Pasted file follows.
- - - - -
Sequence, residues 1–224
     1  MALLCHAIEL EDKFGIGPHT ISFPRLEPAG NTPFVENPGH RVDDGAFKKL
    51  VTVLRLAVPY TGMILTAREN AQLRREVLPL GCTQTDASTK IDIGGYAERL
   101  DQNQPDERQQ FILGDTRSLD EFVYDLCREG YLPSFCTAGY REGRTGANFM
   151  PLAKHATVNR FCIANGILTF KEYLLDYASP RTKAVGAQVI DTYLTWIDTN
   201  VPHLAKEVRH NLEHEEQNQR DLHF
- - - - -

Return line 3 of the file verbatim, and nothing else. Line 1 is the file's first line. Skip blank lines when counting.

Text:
    51  VTVLRLAVPY TGMILTAREN AQLRREVLPL GCTQTDASTK IDIGGYAERL